dissimilar taxon schistacea.

“Dark morph and intermediates unlikely to be confused [with other species] in
normal circumstances (but see Little Egret regarding possible existence of a dark
morph...). White morph most likely to be confused with Little Egret. In breeding
plumage shows two or three long, wiry hindcrown plumes just like latter....West
African nominate race [gularis] very close to Little in structure (but with longer
tibia
and slightly shorter tarsi)....Nominate race best separated from Little by slightly
heavier, dark brown to pale brownish bill (thicker-billed look being enhanced by
deeper ‘jowl’ of feathering underneath bill base) and distinctly longer tibia, but
beware darkening effect of water on bill. Outside breeding period, lores usually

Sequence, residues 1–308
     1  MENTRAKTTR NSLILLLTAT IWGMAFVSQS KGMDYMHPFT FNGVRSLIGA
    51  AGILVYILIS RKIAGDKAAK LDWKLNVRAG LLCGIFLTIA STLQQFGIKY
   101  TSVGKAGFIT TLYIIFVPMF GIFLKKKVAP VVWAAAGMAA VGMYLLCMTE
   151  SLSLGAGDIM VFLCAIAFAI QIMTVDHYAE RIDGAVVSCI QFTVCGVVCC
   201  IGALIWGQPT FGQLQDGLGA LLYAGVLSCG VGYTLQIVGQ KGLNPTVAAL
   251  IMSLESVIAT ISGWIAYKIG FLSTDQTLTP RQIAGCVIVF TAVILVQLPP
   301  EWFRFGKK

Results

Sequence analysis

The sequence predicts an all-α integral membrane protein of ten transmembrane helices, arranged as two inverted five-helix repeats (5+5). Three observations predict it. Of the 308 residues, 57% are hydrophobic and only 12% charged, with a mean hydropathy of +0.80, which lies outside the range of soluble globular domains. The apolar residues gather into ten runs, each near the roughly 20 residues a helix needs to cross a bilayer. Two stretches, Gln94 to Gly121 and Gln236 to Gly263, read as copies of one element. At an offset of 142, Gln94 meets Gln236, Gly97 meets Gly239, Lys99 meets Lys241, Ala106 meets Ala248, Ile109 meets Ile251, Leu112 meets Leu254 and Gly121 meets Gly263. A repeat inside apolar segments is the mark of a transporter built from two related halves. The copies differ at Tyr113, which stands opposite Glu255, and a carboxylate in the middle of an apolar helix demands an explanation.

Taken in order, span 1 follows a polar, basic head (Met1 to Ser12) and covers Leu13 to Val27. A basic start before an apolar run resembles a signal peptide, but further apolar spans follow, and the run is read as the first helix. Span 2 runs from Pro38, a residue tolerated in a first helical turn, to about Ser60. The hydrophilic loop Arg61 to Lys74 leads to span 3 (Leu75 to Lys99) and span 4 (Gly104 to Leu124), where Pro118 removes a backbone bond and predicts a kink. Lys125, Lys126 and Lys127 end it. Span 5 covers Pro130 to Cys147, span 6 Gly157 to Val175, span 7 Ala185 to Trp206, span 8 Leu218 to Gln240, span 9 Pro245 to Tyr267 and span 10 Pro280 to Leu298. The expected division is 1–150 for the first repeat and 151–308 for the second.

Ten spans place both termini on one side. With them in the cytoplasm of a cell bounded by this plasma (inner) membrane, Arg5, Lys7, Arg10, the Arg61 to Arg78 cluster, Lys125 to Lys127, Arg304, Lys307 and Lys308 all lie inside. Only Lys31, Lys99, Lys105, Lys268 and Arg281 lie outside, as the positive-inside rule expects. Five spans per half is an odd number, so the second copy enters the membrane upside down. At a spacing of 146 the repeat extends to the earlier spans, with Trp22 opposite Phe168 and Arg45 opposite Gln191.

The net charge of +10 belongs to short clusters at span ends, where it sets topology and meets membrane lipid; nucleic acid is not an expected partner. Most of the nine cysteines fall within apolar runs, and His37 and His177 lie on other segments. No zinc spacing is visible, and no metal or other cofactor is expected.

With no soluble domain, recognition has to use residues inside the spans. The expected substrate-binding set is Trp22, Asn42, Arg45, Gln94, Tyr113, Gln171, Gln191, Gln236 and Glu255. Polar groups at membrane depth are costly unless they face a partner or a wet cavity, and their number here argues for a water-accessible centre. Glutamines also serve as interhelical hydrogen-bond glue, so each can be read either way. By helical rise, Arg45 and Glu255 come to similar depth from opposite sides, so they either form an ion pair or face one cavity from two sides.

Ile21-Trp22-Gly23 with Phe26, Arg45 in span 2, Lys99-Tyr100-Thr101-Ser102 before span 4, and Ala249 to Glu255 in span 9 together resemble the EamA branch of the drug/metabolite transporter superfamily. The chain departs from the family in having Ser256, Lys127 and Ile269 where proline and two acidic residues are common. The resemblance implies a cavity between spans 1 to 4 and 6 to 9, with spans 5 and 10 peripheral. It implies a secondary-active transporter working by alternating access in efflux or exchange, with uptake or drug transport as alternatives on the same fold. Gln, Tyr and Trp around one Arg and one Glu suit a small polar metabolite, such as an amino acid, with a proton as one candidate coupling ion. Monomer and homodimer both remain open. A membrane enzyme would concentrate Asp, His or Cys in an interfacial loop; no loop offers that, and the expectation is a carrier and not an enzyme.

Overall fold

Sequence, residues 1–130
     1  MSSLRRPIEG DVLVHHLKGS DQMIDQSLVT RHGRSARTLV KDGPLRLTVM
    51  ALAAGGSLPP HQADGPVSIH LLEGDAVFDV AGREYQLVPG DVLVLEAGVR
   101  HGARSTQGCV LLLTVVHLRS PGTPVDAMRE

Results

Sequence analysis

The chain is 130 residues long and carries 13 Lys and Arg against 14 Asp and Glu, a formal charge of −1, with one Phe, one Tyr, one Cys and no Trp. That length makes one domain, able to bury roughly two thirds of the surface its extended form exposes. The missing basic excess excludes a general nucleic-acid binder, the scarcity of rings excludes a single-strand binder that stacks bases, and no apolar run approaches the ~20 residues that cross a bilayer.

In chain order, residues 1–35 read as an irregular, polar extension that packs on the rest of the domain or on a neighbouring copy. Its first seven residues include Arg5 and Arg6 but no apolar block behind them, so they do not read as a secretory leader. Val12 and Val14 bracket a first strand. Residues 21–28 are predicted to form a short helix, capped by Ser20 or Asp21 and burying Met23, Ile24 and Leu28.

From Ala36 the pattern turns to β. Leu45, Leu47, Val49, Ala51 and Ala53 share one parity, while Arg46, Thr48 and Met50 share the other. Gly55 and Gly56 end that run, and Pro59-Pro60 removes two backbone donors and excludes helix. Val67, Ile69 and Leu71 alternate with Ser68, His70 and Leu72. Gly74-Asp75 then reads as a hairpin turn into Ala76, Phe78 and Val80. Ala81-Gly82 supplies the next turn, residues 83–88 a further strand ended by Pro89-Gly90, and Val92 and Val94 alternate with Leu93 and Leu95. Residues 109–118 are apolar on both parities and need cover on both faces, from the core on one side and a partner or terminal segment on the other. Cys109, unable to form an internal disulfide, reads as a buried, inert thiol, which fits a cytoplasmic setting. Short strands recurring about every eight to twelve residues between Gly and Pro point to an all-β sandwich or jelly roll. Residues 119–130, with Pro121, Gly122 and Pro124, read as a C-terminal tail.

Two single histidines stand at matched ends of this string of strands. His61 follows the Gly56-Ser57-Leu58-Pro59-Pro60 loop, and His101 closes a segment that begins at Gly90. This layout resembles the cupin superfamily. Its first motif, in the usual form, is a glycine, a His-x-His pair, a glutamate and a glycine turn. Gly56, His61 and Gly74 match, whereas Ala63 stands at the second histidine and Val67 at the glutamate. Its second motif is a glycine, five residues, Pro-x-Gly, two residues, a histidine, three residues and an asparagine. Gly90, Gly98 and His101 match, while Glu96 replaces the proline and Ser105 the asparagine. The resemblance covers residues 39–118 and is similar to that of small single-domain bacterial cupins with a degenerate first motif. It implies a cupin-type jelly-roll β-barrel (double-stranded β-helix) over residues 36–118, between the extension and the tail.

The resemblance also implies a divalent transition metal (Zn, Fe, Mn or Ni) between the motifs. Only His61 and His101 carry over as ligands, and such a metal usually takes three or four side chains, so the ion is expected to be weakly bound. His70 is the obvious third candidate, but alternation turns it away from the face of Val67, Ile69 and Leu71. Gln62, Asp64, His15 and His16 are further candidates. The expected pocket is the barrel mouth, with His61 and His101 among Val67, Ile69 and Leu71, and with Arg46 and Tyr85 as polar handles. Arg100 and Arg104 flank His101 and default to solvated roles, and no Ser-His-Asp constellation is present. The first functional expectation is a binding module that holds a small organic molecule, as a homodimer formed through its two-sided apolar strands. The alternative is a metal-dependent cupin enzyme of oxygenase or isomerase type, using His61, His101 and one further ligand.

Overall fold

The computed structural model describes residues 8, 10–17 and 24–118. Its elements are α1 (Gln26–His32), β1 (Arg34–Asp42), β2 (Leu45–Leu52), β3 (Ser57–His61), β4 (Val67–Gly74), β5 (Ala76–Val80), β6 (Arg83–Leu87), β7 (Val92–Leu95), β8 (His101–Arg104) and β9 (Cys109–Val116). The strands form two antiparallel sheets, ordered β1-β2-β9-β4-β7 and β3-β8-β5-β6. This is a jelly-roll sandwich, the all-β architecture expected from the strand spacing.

pale greenish or yellowish, whereas in Little they are usually greyish or gray-blue.
At the height of breeding period they may be orange in both species.” –p. 93.

Cramp & Simmons. BWP Vol. 1
“White morph of Reef heron E. gularis much more difficult [than Cattle Egret and
Squacco Heron] to distinguish, being of same size, with similar plumes (though
shorter on head), all-white plumage, and dark legs with yellow feet; but has
thicker bill (grey-brown in West African race gularis and yellow in Red Sea race
schistacea), less graceful character, and duller, dark olive-green legs. Rare
melanistic Little Egrets have grey to dark slate plumage, with or without dark chin
and throat, and are even more difficult to distinguish from normal dark E. gularis,
except by thinner, black (not yellow or grey-brown) bill and paler, purer yellow
feet.” –p. 290

Importantly, this work provides the only real quantitative data. Note that the bill
of
gularis is only fractionally longer than that of garzetta in absolute terms, but that
the relative difference might be important (i.e., gularis appears to be slightly